[vc_row][vc_column][vc_column_text]May 22, 2017
Hayward Lakes Area Outdoor Report
The forecast for this week shows warmer, less wet weather Wednesday, Thursday, and Saturday. Better yet, at this time, the following week looks very promising for sunshine and warm temperatures. Hang in there – better weather is on the way!
“Last week was not good for fishing,” says Pat at Happy Hooker, “but with the high fire danger, we needed the rain.
“Walleye fishing is good, with fish starting to feed in weeds. Fatheads work best, with a few anglers using leeches and crawlers. Smaller fish are in deeper holes; bigger fish are in green weeds, especially in the evening.
“Northern pike, often mixed in with walleyes, will hit jigs and minnows, as well as spinners, spinnerbaits, and spoons.
“Largemouth bass are sweeping beds and will soon spawn. Largemouth harvest season is open. Smallmouth season is catch and release until June 17. Fish them in shallow rock/gravel areas.
“Crappies are in to spawn and minnows, tube jigs, Tattle-Tails, and Mini Mites work well. Bluegills are moving shallow, though not ready to spawn, and will hit worms.”
“Walleye anglers should focus on new emerging weeds in less than 10 feet for larger fish, working jigs and swimbaits, fatheads, and leeches. Smaller fish are on the primary break in 8-15 feet and jigs and Lindy Rigs work well.
“Northern pike are very active in less than 10 feet around new weeds and other cover. Jigs/swimbaits, crankbaits, spinnerbaits, and spoons all get action.
“Largemouth are slowly pushing shallow. Target emergent weeds, overhead cover, and wood with Senko worms and crankbaits. For catch and release smallmouth, work shallow flats and bays with sand and gravel bottoms, in less than 10 feet, with jerkbaits such as X-Raps and jig/plastic combos.
“Crappie action is strong in less than 6 feet, with shallow bays and weed flats holding fish. Some bluegills are also showing up in the shallows.
“There are decent stream trout reports on crawlers and leaf worms and the rains should improve the bite.”
Mike at Jenk’s says Chippewa Flowage walleye fishing slowed since opening weekend, but they are still biting.
“Deeper brush and sunken bogs hold fish during the day. In the evening, try shallower areas with cover that border river channels. Minnows, leeches, and crankbaits, in that order, are the baits of choice.
“Northern pike fishing is very good on the west end with suckers and creek chubs. Focus on the far back bays and live bait offers your best chance for action. Largemouth bass are very active in shallow weed areas, with crawlers and plastics the top baits.
“Crappies moved into the bays last week, but the storm system messed them up a bit. They are still active, but not shallow. Fish deeper areas (8-9 feet) of bays with Mini-Mites, Crappie Scrubs, Gulp!, and tube jigs.”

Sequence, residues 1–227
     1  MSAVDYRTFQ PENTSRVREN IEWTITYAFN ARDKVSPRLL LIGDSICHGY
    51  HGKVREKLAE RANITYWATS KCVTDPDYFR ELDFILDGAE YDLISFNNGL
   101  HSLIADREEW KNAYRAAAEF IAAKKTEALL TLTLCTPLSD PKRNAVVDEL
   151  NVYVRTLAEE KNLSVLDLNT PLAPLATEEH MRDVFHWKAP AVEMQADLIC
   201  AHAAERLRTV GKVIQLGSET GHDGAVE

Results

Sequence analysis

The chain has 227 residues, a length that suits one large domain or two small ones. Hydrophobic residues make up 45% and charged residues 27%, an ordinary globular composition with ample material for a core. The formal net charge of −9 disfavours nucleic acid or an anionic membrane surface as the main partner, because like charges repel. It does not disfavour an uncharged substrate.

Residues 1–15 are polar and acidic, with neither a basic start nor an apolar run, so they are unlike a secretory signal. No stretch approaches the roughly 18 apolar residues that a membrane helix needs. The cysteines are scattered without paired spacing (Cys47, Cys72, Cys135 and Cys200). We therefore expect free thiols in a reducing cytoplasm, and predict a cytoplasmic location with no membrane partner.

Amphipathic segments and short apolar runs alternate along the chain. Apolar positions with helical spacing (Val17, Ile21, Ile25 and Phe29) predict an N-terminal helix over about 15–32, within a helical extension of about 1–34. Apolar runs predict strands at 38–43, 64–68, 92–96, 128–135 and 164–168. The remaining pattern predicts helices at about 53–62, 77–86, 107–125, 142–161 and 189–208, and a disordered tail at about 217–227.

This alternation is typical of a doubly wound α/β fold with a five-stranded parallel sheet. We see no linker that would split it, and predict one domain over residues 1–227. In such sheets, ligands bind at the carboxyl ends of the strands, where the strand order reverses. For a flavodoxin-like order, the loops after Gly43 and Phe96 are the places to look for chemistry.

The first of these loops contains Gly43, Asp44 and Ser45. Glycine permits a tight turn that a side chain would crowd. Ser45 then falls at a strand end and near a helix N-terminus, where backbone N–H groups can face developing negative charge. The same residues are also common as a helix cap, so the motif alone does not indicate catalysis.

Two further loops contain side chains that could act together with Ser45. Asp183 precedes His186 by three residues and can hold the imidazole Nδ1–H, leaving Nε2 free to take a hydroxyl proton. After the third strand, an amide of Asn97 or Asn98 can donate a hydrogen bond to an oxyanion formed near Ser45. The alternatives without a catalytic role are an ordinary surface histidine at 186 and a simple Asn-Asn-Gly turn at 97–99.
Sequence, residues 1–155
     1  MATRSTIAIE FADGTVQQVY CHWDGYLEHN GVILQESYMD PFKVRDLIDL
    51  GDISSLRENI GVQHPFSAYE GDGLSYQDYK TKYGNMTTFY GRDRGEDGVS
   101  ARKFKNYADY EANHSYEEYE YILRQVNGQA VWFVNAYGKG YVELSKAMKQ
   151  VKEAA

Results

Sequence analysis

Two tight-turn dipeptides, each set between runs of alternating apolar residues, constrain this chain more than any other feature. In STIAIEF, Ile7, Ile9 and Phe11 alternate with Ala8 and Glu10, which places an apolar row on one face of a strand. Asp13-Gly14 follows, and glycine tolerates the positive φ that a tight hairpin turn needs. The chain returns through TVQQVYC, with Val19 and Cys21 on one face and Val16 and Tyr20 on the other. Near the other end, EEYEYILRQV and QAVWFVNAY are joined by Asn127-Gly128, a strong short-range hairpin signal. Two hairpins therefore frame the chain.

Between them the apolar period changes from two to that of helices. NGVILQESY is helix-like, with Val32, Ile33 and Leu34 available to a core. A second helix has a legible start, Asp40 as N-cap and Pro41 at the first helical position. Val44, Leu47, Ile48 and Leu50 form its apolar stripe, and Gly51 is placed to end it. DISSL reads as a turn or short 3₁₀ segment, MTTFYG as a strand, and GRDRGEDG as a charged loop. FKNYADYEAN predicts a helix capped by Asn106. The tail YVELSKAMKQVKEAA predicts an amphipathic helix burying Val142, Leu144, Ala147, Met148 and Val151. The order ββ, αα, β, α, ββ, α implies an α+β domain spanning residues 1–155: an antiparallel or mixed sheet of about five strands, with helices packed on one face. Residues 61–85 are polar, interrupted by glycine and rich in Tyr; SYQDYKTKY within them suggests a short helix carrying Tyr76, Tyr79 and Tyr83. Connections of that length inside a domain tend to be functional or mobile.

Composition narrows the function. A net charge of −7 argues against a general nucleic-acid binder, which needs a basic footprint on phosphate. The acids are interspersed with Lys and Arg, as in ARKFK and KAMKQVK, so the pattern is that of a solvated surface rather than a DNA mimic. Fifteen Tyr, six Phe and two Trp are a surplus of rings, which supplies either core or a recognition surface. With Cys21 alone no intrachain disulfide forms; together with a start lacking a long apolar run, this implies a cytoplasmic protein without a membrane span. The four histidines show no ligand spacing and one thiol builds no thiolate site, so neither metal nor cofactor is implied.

Carolyn at Anglers All in Ashland says Chequamegon Bay anglers had an interesting time last week dodging lightning and raindrops and the Bay is red from stream runoff.
“Smallmouth anglers who know the structure caught fish, even with the poor visibility. There are pre-spawn fish and some fish making beds. Most success is on slowly moved light jigs and plain hooks with plastics, while fly anglers slowly strip large profile streamers. Do not be afraid to change baits and experiment.
“Walleye anglers were doing well slow-trolling stickbaits over weed beds. As the water clears, work the mudlines.
“The wind especially affects trout and salmon fishing. If it calms down, look for mudlines. Most anglers are flatlining stickbaits or using lead core line and Dipsey Divers.
Most streams are ‘blown out,’ but should be fishable by the holiday weekend.”
This week, DNR fisheries biologist Max Wolter discusses why there is little data on tiger muskies.
“Anglers know the northern pike-muskellunge hybrid as the ‘tiger musky.’ These beautifully patterned fish, protected under musky fishing regulations, grow quickly, and anglers generally look upon them positively.
“Both northern pike and true muskies are relatively easy to survey, most often using fyke nets, so there is a wealth of data on these species in Wisconsin. However, DNR fisheries biologists get very little data on tiger muskies for reasons tied directly to biology.
“As hybrids, tiger muskies are not as fit reproductively as either parent species. They also do not go through the same spawning routines that bring both pike and musky into shallow water in the spring to spawn. Since tiger muskies do not exhibit the same behavior, they are less susceptible to capture in nets. Even in lakes with significant populations of tiger muskies, such as the Chippewa Flowage, Sand, Teal, and Lost Land lakes in the Hayward area, the DNR rarely capture tiger muskies in their surveys.”